Tolkien wrote, “He fought the real battle in the tunnel alone.” Why does he consider it so? What happened or didn’t happen in that tunnel? What did Bilbo overcome? How did he show bravery?

       How did Bilbo earn the respect of the dwarves and even become “the real leader in their adventure?”

       What makes Bilbo a good burglar?

       How does Tolkien show (not tell) that Bilbo is scared? What makes Bilbo overcome these fears?

       How might you overcome homesickness?

       4. Chapter 19 (7 pages)

       Now the story concludes. Bilbo gets to come home, albeit as a very different little Hobbit.

       Questions for consideration:

       Looking closely at the songs sung in the last chapter, what are they singing about? How does this reflect the attitudes held by the adventurers? What does it mean to come home?

       Bilbo’s desire for comfort has been a constant friend of ours. Now finally at home again, where does comfort come in? Is Bilbo glad? What does he immediately reinstate into his routine?

       Handkerchiefs, or the lack of them, play a supporting role throughout the entire book. What could be said for this? What is Tolkien communicating to us?

       Gandalf said, “Something is the matter with you! You are not the hobbit that you were.” Tolkien relates that Bilbo’s neighbors now think him queer. How has Bilbo changed? Is it for the better?

       Would you go on an adventure?

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Final Assignment:

We will have one assignment due at the end of term. Students may choose from the following

  • Story

       Write an adventure story with a heavily involved narrator.

       Mimic Tolkien’s style of writing, where we know everything that is going on, everything everyone is thinking, and the significance of everything. Use an omniscient view of the story.

       Minimum -  1,000 words

  • Object

       Draw or 3D sculpt a scene where a hero is overcoming his fear and exhibiting bravery.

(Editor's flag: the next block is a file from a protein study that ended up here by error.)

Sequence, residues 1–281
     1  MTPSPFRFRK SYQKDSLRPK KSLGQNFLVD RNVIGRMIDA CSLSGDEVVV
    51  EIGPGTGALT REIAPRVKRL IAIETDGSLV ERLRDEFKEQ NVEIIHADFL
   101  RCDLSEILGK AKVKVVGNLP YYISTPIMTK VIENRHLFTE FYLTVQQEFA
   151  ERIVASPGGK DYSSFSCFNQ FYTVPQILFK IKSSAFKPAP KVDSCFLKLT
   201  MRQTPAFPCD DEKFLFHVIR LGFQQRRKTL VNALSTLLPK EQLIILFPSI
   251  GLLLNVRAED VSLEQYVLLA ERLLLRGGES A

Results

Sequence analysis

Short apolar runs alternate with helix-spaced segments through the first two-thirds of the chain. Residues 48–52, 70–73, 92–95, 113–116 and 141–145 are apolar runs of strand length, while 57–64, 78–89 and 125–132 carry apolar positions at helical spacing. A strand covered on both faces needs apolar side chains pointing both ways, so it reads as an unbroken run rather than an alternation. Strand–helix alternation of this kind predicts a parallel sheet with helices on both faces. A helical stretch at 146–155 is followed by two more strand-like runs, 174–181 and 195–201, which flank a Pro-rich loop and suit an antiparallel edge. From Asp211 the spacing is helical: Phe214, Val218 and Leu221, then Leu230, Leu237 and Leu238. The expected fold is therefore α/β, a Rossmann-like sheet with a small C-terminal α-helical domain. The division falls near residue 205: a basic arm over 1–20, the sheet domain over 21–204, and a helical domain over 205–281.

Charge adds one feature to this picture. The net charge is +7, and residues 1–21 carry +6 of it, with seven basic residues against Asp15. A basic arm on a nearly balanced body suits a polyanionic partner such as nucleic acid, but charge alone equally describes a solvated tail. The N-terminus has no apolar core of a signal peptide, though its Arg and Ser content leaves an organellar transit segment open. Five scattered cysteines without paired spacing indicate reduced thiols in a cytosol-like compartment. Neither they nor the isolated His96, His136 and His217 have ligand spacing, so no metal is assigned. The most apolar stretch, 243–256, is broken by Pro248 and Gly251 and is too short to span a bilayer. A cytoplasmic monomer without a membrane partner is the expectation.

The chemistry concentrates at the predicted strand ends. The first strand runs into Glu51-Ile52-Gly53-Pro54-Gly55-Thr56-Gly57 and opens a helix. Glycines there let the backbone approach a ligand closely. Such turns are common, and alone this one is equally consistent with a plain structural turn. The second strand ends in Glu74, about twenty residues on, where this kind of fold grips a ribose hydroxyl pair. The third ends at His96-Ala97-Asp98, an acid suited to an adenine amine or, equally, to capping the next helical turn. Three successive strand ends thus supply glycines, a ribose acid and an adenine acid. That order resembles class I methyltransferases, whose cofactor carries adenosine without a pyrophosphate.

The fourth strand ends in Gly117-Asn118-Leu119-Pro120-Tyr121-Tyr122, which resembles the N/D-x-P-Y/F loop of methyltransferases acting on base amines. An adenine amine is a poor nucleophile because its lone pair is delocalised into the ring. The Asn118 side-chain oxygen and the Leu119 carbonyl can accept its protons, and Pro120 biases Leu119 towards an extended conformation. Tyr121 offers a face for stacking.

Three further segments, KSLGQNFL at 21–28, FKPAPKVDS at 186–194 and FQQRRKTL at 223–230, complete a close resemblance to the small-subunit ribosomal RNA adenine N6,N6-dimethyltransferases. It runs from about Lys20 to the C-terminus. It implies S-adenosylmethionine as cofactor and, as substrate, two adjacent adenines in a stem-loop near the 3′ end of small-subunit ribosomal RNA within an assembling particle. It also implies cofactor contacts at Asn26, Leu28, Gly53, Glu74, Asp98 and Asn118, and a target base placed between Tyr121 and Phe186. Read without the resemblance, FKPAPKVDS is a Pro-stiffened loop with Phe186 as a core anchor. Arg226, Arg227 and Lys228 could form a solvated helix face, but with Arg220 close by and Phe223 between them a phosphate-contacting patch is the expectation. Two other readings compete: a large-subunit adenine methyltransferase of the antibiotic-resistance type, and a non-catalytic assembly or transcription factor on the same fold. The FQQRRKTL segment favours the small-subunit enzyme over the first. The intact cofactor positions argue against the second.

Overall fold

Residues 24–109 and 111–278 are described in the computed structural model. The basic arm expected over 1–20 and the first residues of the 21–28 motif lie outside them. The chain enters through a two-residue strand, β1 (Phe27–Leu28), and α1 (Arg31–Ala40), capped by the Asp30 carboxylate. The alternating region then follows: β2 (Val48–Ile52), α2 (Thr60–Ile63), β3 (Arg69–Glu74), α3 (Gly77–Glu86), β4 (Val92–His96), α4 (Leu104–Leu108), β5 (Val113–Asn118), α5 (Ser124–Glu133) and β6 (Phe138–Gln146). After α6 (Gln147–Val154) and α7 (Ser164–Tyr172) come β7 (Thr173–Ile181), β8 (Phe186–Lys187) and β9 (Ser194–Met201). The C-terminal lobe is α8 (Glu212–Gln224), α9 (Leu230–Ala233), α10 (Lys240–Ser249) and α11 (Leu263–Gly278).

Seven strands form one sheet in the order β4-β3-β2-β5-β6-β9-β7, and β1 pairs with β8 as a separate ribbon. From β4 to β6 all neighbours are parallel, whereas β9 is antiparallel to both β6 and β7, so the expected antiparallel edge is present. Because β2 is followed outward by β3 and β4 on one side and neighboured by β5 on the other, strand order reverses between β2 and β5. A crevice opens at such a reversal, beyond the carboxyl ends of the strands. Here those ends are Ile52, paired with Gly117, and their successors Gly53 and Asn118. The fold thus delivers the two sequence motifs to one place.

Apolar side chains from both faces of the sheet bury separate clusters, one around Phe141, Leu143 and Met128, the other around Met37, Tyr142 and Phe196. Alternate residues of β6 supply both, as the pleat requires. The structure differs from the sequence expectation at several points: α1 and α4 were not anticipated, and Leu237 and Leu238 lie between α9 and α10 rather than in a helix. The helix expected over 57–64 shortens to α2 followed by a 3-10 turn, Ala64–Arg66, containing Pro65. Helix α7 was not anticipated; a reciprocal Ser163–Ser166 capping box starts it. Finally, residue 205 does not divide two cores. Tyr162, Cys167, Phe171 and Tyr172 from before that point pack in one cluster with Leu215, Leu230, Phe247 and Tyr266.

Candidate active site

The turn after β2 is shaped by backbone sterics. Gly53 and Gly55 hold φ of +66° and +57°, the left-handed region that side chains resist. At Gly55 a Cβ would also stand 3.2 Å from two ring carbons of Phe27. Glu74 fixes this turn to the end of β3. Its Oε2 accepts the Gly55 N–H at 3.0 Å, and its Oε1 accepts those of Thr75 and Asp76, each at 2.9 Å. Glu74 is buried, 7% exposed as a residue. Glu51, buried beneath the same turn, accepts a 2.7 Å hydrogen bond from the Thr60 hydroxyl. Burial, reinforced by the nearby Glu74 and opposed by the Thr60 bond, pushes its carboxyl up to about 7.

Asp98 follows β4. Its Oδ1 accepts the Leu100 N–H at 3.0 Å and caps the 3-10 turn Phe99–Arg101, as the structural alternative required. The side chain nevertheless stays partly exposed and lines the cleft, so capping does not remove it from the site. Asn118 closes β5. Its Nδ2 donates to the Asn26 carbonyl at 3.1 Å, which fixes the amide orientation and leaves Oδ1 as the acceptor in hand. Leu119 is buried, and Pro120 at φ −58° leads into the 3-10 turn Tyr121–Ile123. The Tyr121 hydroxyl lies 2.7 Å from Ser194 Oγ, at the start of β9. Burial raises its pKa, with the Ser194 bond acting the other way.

Explain your art and how your hero was brave.

       Explanation minimum - 500 words.

  • Report

       Write a report about how people can overcome their fears.

       Reference scenes from the book where Bilbo was brave and how he overcame his fears.

       Minimum - 1,000 words.

 

Required Texts:

The Hobbit - Link

Participation:

Our class is structured as a discussion. Questions fuel our class. Therefore, participation on the part of the student is very important. I want to hear the student’s thoughts and opinions. That said, I do not need the “perfect” answer. You cannot edit a blank page, nor can you strengthen a silent response. I hope the student will feel comfortable to share without worrying about their grade or my opinion of them. If the student does not feel comfortable speaking in class, there will be a document open where they can write. This document will be open in between classes if the student wants to reflect and contribute later. I count participation because I want the student’s voices to make up our discussions.

Resources:

For the lecture itself, we will use Zoom. Class communication, discussion, and homework will be done through Google Drive.

Plagiarism:

Students should always do their own work. Cheating and copying are not allowed.

Accommodations:

Students’ age, experience, and limitations will be taken into consideration and potentially accommodated for. Let me know if assistance is needed.

The instructor reserves the right to change this syllabus at any time. Students and parents will be informed of these changes by email and/or in class. 


Register for Writing Bravery in The Hobbit here!